Born to upper-middle-class Marxist parents in the Islamic Republic, Shay Khatiri learned at school that America was the Great Satan and at home that it was “just as much a dictatorship as Iran,” and that both regimes were equally repressive. But Israel was a country toward which he had no negative feelings:
I never minded Israel. What I didn’t like was the Palestinians’ receiving aid from Iran while Iranians were starving. I had never met a Jewish person, but the regime hated Jews, so I grew to love them out of spite for the regime.
As for America, Khatiri’s attitudes diverged from his parents’ after the September 11 attacks, when he heard George W. Bush speak of bringing greater freedom to the Middle East. If the U.S. wanted democracy in the Muslim world, and the ayatollahs opposed it, Khatiri knew he sided with Washington. He eventually emigrated to Hungary—where he befriended a number of Israelis—and then to America. After explaining his political evolution, he suggests what his adopted country might to encourage the anti-regime sentiments in his homeland:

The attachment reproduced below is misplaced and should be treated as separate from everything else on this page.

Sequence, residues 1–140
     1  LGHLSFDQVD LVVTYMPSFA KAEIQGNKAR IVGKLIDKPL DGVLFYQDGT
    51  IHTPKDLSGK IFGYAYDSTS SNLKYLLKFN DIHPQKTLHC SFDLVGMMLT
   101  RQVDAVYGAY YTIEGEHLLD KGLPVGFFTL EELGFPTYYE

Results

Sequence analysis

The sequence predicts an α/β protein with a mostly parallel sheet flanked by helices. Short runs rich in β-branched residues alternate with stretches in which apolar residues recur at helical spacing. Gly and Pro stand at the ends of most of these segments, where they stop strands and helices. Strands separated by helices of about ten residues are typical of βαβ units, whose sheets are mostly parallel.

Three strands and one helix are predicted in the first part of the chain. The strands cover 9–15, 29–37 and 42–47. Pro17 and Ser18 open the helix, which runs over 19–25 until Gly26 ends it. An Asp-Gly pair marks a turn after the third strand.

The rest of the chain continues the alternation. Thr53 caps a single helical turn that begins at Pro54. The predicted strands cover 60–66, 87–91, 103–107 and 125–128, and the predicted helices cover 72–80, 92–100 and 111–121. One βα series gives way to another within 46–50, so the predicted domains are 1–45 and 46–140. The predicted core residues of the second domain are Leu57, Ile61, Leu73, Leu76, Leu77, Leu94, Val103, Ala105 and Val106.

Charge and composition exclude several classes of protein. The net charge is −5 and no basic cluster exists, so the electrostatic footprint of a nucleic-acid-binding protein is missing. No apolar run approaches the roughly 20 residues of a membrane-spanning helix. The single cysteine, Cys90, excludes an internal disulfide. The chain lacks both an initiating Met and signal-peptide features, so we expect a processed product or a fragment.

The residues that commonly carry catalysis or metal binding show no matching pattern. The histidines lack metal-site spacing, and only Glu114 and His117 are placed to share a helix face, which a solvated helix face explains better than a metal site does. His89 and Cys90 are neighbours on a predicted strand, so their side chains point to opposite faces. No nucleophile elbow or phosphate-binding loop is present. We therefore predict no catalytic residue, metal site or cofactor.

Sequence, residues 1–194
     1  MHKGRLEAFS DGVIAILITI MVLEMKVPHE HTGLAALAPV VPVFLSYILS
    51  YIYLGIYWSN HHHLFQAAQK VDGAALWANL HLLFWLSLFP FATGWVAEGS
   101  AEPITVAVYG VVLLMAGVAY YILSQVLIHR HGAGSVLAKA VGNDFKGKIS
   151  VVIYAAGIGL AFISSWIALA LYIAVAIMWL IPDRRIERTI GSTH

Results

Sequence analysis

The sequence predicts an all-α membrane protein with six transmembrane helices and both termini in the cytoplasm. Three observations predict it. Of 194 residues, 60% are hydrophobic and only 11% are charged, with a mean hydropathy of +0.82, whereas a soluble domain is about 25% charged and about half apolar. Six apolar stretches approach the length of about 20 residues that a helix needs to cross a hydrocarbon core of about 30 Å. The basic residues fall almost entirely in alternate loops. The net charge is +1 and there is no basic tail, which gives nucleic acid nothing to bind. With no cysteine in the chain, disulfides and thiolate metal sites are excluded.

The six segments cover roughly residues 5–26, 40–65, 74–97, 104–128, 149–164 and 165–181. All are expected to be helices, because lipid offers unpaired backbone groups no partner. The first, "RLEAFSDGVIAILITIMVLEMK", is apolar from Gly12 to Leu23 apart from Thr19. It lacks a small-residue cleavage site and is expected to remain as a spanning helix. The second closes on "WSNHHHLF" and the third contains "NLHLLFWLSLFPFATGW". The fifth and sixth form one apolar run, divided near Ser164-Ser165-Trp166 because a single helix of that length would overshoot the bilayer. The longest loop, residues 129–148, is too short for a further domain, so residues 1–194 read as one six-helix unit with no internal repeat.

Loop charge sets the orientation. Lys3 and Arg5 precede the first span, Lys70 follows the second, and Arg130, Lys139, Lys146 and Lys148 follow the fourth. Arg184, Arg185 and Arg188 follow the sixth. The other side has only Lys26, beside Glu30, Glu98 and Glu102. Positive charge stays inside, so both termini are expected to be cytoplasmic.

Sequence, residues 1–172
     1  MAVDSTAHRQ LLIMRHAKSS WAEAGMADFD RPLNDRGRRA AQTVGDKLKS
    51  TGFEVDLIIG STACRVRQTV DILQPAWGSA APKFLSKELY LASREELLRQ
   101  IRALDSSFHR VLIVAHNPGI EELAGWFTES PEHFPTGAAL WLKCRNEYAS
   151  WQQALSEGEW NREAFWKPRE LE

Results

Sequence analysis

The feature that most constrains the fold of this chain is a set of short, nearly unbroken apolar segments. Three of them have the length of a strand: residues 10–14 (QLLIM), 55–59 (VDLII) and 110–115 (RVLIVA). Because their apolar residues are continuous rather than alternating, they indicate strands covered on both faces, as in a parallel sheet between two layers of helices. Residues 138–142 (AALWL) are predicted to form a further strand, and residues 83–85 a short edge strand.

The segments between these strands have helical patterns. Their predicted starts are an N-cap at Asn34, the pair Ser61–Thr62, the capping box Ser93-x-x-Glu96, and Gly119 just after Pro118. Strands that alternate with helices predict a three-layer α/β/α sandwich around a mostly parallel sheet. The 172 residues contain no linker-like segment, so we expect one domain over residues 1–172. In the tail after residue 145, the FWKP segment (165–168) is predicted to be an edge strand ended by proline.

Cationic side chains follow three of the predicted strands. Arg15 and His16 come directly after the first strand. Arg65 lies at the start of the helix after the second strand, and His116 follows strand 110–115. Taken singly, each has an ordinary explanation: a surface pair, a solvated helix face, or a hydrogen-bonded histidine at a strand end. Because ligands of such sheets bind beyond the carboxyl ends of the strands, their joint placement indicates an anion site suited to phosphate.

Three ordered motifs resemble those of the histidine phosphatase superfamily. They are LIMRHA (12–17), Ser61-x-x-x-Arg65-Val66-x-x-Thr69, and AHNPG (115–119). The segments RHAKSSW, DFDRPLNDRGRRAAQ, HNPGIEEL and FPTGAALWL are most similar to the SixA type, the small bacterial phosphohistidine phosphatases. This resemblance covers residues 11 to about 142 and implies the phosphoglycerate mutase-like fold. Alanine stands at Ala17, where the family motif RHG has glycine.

Democratization must come from within, . . . but it can’t always happen without foreign help. After several attempts by the Iranian people, it is now clear that the regime is too powerful for the people [to overthrow on their own]. We can begin with supporting labor unions and dissidents who are trying to make change happen from the inside.
In their correspondence, James Madison and Thomas Jefferson called the United States an “empire of liberty.” . . . Thomas Paine [likewise] said that the cause of America is, in a great measure, the cause of all mankind. America possesses many powers, but its power as a cause is the cheapest to spend and yet the most valuable, and has the greatest impact. This is something many of my friends and fellow students [in the U.S.] find bewildering. If only they could visit Iran.